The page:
So its come to that point in your life where a project is using LDAP. In my case, it was a php Laravel app.
The environment: Mac OSX 10.8.5 with MAMP and openldap. The error? Can’t bind to server.
Use something like Apache Directory Studio with the same settings as your app is configured to use. If it works, your issue lies in self-signed certificates and connecting over secure
On OSX, edit your
/etc/openldap/ldap.conf and change
Your hazing is now complete.
Ever since Arduino came about and serially addressable RGB LED’s showed up I’ve loved messing around with them. Adafruit came out with these rings that you can string together conveniently to fit in a pair of welders or similar goggles. Pichurs
Burning Man is an awesome time to relax, think, and invent things. This year there was a steam punk camp and I decided to use some goggles we had and my NeoPixel rings (originally for a clock pendant idea) some pink duct tape and have at it!
I want every project to be a new challenge, so this time I decided to take all of the MVC patterns of the web development world and try them on some LED’s. So each pattern is a model that updates its data, and a view renders all of them to the led strip. The plus of this is it would be easy to render to different LED strips using different libraries under the hood. Grab the CODE
The default behavior of Parsley.js is to create a div with a list beneath each item with a validation error. This is fine except for a series of check boxes or radio boxes that are each padded by divs.
Here is a slight modification of the stock Parsley error wrapper to search up the dom until it finds a parent which has an error div.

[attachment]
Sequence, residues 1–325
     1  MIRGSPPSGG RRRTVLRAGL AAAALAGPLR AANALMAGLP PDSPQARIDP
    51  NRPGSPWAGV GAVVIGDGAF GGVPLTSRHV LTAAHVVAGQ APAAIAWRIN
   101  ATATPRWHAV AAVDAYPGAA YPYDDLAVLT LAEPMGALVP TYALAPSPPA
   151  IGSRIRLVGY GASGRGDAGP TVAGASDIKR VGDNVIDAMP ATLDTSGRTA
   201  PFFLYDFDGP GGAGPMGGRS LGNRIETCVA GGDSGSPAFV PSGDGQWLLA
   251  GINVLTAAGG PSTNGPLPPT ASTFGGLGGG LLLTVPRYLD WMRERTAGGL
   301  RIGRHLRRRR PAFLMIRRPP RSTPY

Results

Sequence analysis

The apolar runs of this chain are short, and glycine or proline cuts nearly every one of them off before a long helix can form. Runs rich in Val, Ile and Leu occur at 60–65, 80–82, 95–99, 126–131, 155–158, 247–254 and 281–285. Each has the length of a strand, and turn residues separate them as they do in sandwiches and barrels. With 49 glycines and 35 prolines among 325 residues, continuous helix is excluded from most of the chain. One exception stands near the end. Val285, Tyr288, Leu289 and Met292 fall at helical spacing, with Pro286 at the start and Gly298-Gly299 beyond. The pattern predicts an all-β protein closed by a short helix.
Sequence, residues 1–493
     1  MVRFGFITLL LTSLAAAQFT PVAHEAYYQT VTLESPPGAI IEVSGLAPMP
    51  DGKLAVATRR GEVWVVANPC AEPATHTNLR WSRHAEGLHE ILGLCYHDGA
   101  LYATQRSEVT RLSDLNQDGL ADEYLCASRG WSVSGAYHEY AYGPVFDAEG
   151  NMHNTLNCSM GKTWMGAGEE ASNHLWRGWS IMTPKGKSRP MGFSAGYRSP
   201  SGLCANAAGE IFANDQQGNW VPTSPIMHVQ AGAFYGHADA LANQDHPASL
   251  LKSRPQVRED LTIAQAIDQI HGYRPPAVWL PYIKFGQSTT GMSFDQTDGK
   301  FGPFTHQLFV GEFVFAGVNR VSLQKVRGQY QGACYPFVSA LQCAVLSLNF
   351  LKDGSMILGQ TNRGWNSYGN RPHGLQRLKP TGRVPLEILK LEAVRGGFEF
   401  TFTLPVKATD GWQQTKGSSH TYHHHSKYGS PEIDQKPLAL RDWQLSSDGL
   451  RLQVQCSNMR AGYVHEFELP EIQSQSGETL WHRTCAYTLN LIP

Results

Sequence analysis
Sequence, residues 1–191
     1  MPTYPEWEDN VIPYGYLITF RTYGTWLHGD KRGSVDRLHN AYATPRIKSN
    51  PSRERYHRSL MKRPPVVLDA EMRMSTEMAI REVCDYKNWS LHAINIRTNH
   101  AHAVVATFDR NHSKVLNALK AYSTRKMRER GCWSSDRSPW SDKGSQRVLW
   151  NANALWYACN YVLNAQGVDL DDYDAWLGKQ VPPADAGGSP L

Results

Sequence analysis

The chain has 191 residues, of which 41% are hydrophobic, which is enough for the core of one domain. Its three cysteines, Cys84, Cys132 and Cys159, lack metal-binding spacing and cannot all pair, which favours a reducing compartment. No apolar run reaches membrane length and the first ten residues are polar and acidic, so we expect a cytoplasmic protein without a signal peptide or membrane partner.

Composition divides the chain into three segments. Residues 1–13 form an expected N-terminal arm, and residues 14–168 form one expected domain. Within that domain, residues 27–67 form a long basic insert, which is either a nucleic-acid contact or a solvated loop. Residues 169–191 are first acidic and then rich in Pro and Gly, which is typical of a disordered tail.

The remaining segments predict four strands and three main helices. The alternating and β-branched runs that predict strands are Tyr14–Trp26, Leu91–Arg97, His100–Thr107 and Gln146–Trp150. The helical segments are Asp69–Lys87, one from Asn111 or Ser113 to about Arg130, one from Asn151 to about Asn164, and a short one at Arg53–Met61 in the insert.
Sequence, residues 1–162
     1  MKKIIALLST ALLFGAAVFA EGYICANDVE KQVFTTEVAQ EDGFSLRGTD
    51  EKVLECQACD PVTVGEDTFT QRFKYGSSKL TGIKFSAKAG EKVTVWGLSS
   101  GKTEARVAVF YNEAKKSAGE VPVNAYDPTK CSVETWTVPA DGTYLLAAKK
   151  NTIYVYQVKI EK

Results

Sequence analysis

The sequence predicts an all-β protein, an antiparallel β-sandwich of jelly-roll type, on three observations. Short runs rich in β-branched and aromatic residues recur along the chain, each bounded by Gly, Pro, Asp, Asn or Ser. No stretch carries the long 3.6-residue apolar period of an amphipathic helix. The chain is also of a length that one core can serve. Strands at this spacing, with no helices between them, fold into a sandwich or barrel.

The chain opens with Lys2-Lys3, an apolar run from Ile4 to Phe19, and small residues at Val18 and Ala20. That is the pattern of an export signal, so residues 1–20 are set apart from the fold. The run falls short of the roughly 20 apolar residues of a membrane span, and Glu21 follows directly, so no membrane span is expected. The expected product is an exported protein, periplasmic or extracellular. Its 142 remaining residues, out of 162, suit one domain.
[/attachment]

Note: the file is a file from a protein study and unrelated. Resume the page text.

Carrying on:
To avoid ‘l33t hax0rs’, and generally keep your app purdy like its nice to know when you’ve got a vulnerability.
It’s also super nice when fixes are back ported, so that you can apply fixes without bumping major/minor version numbers.
I had to do so with Rails 3.1.x and all the application specific gems.
Since all my apps are on github, I used gemnasium.com which shows all out of date, and at risk gems in your Gemfile, and which versions contain fixes so you can estimate how much time needs to be spent updating.
Go do it. It’s easy
Color schemes for graphs out of excel can be pretty bland, and there are ways to get aesthetically pleasing color sets with predefined palettes like Tango or COLOURlovers which is a huge repository of color schemes.
However these, or just using linear interpolation between two colors or a color and white don’t do your data justice.
The gist is, colorspace doesn’t match your eyeballs, and equidistance colors in HSL don’t have the same lightness intensity. As best explained in this post over at vis4.
You can jump right in to some color palettes (which are also GIS friendly) at Color Brewer
Here are some more graph libraries worth investigating:
And a bunch of random tools here
And this guy does beautiful things in flash
Also. What you really came looking for: